Is netart art? No, not if we define art as that which the middle classes are prepared to pay for. Otherwise, yes. But whether it’s good or bad art is up to the viewer/reader to decide and, considering the heterogeneity and global economy of netart, that’s no easy task as we cannot approach netart with preconceived aesthetic criteria. Netart needs a fresh mind!

    3.
    AdC:
    What kind of meaning have the new technologies and the Internet to you, are they just tools for expressing your artistic intentions, or have they rather an ideological character, as it can be found with many “netartists”, or what else do they mean to you?
    YM:
    Both and. The new technologies frees writing from linearity. It also frees the text from being only language. It makes the text Barthes dreamed of possible. The image is a text, encoded by language, and so is netart, which extends the notion of the text to include music, video, downloading, interactivity, interconnectedness, networking etc to a various degree.

    In the last year I’ve migrated to php and dynamic pages. There is something here that intrigues me, the way in which the work is viewed against the dynamics of a server that is alien, outside, the work – an absence against which the work/text takes shape. It’s beyond my control, my intention. This is also where the ideological aspect comes into play. Netart and writing undermine aesthetic criteria such as intention, linearity and coherence, all of which are ideological constructs (of the white bourgeois male).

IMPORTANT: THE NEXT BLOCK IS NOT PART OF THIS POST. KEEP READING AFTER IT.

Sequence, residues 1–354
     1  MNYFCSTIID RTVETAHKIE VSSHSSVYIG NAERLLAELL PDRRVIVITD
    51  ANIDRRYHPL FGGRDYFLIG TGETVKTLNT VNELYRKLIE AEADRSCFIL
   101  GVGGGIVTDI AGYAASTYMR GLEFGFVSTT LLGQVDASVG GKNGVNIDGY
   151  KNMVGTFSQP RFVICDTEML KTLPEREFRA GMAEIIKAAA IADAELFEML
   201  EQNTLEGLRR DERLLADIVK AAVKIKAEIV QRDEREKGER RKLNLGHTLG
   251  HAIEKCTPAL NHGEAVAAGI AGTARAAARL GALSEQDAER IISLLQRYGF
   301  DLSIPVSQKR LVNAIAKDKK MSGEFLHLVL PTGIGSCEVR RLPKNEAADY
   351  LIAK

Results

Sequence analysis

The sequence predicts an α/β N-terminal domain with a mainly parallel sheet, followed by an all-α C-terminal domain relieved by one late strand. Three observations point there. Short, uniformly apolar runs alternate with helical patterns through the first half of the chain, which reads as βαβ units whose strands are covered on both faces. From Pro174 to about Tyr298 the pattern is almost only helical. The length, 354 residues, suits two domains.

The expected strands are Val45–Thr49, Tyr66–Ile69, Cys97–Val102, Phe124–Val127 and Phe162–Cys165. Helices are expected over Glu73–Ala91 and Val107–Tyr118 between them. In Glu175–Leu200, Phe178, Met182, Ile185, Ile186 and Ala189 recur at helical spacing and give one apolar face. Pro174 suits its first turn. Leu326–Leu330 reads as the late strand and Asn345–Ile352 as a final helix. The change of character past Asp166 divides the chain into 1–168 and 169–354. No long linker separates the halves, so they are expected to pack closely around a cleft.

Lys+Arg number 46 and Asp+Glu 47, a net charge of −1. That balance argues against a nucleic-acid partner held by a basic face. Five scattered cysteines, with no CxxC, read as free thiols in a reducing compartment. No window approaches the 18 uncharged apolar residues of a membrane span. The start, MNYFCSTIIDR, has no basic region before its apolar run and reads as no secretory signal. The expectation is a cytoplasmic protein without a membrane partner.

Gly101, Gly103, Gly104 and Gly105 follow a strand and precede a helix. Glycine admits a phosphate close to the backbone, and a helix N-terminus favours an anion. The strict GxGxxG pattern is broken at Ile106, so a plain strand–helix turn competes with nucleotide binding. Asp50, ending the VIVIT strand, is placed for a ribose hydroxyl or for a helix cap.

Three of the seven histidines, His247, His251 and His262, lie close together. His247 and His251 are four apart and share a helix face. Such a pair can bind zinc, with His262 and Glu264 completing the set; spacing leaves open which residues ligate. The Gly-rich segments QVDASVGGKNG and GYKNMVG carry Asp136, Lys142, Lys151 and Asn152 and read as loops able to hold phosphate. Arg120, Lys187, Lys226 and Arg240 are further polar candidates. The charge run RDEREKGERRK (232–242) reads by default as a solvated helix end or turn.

4.
    AdC:
    Many “Internet based artists” work on “engaged” themes and subjects, for instance, in social, political, cultural etc concern. Which contents are you particularly interested in, what are the subjects you are working on and what is your artistic message(s), if you have any, and what are your personal artistic visions for future artworking (if you have any).
    YM:
    I have no message. I write/create. Occasionally I comment on the medium of my choice, but an art that is a metatext exclusively focused on its own medium becomes tedious.

    5.
    AdC:
    “Art on the net” has the advantage and the disadvantage to be located on the virtual space in Internet which defines also its right to exist. Do you think, that “art based on the Internet”, can be called still like that, even if it is just used offline?